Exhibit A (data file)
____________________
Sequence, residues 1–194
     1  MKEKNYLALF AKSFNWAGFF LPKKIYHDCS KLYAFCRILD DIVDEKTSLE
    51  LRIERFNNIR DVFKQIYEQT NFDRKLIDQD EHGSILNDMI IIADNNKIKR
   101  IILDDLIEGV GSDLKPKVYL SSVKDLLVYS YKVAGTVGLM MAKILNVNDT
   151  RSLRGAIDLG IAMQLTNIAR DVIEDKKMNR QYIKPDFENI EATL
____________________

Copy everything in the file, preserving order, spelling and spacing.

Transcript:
Sequence, residues 1–194
     1  MKEKNYLALF AKSFNWAGFF LPKKIYHDCS KLYAFCRILD DIVDEKTSLE
    51  LRIERFNNIR DVFKQIYEQT NFDRKLIDQD EHGSILNDMI IIADNNKIKR
   101  IILDDLIEGV GSDLKPKVYL SSVKDLLVYS YKVAGTVGLM MAKILNVNDT
   151  RSLRGAIDLG IAMQLTNIAR DVIEDKKMNR QYIKPDFENI EATL